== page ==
A short Q&A on how I got into software development

I recently read a great post on Medium about how some people had gotten into software development and thought sharing my experiences might be interesting as well. Believe it or not, I didn’t always know I wanted to study computer science or work in technology. I actually vacillated several times both in high school when deciding where to apply and then again in college with what to major in. At one point I thought I’d become a pilot or an aeronautical engineer. Then in college I briefly considered mechanical engineering until I realized what a job would actually be like.


My path in software development hasn’t been a straight one. After deciding I’d do computer science, I started off in the financial industry because it was the only place I could find a job in the NY area since the tech companies weren’t well established yet. I learned a ton there working on challenging systems and developing in a variety of languages, but my heart was always in building software for everyone to use. That brought me to Audible, but the path was never assured.

Here’s  how I ended up getting into technology in the first place.

What was the first thing that peaked your interest in programming?

When I was a young child, I distinctly remember getting our first computer. We actually drove probably several hours to Delaware where we could take advantage of a state with no sales tax. This was before online stores without sales tax and when computers still cost thousands of dollars. I guess the gas expended during the drive was less than what we saved at Egghead computers.

This first machine ran the somewhat new DOS. My father had taken some introductory programming courses and learned to install some freeware games including my favorite, a train simulation game. This love for games eventually brought me to wondering about how they worked and how I could build my own.

Later on, in junior high school, I got my first graphing calculator and saw others side-loading games onto it. I found that to be trivial and decided I would program my own version of space invaders on it.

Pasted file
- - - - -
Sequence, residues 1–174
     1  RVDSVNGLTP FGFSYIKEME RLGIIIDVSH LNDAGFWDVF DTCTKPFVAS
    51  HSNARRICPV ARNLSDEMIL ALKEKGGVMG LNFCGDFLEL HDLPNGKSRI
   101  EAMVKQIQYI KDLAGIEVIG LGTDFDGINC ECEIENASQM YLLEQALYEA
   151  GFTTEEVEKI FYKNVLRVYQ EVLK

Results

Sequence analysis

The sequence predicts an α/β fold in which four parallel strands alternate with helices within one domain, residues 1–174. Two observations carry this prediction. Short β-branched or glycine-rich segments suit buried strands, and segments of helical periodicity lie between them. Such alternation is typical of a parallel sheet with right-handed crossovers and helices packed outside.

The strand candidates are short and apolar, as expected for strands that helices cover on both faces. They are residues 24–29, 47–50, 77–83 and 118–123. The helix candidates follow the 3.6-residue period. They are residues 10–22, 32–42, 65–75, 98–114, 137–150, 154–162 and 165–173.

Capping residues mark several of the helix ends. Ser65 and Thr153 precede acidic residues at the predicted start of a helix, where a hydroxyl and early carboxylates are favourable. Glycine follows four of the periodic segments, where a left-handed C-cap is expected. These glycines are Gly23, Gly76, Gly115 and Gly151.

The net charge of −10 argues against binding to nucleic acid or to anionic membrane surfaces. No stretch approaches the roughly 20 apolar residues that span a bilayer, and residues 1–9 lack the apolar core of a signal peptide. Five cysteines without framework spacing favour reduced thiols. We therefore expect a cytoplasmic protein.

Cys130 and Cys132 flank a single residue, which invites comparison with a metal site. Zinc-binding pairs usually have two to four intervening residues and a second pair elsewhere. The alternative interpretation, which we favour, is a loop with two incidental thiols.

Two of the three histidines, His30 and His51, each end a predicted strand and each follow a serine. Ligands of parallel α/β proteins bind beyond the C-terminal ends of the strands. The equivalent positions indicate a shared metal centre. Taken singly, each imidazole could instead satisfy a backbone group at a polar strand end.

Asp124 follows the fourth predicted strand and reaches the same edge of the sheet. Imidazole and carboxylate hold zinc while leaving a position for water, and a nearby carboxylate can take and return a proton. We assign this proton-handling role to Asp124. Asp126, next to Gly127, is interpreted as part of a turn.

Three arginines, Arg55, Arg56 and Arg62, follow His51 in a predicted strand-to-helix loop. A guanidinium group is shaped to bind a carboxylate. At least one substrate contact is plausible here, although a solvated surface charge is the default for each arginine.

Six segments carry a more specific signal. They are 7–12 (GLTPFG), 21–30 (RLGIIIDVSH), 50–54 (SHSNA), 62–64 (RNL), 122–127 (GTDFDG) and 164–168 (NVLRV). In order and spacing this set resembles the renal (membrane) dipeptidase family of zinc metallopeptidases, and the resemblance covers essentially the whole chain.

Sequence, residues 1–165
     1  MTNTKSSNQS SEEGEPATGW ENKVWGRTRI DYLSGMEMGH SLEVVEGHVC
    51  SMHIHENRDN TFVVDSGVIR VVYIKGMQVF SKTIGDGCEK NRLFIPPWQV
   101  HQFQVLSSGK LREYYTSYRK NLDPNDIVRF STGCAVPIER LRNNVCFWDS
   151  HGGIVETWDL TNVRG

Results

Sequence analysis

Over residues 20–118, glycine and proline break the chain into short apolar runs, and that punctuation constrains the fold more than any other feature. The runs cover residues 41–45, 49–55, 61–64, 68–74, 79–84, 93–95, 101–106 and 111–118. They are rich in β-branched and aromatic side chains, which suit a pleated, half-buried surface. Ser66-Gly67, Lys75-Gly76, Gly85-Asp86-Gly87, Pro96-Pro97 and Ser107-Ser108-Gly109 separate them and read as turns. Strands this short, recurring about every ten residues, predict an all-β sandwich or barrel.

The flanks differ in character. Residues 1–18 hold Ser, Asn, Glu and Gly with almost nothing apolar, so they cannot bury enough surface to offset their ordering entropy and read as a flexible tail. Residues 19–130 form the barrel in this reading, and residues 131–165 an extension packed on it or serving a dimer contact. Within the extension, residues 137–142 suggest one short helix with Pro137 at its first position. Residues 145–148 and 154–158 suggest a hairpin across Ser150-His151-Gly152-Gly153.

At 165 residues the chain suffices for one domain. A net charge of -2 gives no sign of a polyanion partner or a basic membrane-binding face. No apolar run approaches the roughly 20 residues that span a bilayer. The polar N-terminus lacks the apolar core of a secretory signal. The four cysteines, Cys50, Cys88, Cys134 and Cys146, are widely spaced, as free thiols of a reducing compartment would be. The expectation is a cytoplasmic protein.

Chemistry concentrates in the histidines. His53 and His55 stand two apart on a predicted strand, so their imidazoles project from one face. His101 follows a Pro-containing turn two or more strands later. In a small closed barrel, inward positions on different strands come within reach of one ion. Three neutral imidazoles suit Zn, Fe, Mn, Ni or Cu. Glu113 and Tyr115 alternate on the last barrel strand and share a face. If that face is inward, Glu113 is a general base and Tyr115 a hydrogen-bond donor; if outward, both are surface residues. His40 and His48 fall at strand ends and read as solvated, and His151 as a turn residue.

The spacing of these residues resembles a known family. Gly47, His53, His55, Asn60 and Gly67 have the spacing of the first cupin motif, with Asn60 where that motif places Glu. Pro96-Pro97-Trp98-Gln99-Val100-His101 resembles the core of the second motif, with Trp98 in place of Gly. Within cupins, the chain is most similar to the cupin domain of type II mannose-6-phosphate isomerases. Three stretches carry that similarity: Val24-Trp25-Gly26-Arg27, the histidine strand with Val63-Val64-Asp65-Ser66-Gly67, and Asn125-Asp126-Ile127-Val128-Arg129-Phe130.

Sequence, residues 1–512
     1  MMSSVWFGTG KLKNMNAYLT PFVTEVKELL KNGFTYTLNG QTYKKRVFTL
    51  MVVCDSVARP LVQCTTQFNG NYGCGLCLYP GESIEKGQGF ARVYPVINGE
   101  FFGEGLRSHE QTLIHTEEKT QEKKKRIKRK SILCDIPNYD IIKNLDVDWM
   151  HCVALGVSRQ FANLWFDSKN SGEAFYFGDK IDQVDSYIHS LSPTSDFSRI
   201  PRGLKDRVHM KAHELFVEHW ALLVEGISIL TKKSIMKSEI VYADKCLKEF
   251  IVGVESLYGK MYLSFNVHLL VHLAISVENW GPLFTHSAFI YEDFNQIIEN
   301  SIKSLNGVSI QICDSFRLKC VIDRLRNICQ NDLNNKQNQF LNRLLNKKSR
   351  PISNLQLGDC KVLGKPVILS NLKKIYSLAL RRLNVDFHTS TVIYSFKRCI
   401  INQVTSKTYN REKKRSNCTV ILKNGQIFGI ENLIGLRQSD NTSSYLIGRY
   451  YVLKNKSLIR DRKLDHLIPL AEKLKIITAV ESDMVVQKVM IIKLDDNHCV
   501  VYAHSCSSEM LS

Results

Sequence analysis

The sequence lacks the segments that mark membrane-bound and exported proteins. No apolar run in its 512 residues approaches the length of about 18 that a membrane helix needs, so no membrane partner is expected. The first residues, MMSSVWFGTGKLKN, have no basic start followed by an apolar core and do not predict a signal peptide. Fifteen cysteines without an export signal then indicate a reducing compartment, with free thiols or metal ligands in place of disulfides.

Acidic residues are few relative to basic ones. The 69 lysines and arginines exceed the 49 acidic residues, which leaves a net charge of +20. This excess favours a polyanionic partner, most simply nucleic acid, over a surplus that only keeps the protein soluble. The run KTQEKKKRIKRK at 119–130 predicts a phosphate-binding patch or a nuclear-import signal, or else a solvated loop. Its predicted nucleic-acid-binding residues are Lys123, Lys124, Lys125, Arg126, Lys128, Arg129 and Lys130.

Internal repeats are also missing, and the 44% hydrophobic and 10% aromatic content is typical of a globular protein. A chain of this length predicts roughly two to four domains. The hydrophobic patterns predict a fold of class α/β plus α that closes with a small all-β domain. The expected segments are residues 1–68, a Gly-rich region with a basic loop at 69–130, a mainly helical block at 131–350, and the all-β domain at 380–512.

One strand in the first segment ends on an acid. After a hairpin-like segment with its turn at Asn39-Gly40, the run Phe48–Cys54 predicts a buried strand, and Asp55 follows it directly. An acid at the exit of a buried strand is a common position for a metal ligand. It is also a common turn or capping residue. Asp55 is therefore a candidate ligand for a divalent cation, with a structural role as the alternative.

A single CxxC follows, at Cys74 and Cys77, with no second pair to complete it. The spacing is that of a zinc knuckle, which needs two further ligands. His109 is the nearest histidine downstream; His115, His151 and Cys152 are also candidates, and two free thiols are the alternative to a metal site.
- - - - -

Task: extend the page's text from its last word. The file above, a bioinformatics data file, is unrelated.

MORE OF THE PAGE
What was the first language you wrote in and what did you write?

First though, I needed to learn programming. I ended up getting a book of tutorials from Sam’s, a popular guide series before tutorials were easy to find online. My first language was Visual Basic, a good choice for a beginner. The language allowed new programmers to build something visual with limited code in a simple syntax. Using form components and a drag and drop interface for the UI, it was easy to quickly prototype something and see it running.

I quickly programmed a trivia game for my biology class as a final project. I didn’t use any reusable components, objects, or separate the data from the logic and ended up hard coding every question, but it did work.

After this project, I quickly branched out into other coding including html for my early Geocities page, then enhancing it with Javascript which I learned from CodeMonkey tutorials. I had some killer blink text and client side validation. It wasn’t pretty. Later, I got serious and took C++ programming courses in high school which were pivotal in college.

In college, I mostly used C++ too, but also learned Perl, Java, and even LISP. In internships, I learned a ton of Perl for web based CGI programming and some Java for a web application. Once in the industry, I got a ton of additional exposure to more languages working on a team building a wide variety of tools and frameworks including highly optimized C++ where we entirely rewrote the STL to improve performance, Python test scripts and an interface mapping between our C++ service protocol and Java and Python modules, and even a C# desktop application for monitoring. These days it’s mostly Java and Javascript when I get the chance to actually write code.

Who is your biggest inspiration in programming?

The biggest inspiration for me to get into programming for me was my father. He showed me that it was possible to write code easily and make computers do cool things with it.